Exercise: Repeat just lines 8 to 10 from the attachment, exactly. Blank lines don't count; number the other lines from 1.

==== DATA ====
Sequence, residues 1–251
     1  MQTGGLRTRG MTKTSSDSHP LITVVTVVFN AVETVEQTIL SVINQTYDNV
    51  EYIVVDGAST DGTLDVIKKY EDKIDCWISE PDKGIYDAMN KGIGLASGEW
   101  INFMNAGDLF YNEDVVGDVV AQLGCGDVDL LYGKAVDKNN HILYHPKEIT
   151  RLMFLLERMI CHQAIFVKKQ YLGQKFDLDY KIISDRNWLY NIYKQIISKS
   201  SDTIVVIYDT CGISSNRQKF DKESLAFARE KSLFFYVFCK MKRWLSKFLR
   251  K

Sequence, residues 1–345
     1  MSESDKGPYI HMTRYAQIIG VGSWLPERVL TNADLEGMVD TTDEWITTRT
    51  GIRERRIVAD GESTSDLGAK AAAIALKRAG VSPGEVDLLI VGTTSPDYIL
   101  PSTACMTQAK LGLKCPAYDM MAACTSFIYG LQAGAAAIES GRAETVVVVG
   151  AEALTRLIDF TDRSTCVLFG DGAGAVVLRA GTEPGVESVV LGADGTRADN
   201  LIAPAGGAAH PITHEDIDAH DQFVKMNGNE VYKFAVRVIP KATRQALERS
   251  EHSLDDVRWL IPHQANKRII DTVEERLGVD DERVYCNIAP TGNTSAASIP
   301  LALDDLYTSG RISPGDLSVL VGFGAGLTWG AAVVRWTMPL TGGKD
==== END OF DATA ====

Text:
Sequence, residues 1–345
     1  MSESDKGPYI HMTRYAQIIG VGSWLPERVL TNADLEGMVD TTDEWITTRT
    51  GIRERRIVAD GESTSDLGAK AAAIALKRAG VSPGEVDLLI VGTTSPDYIL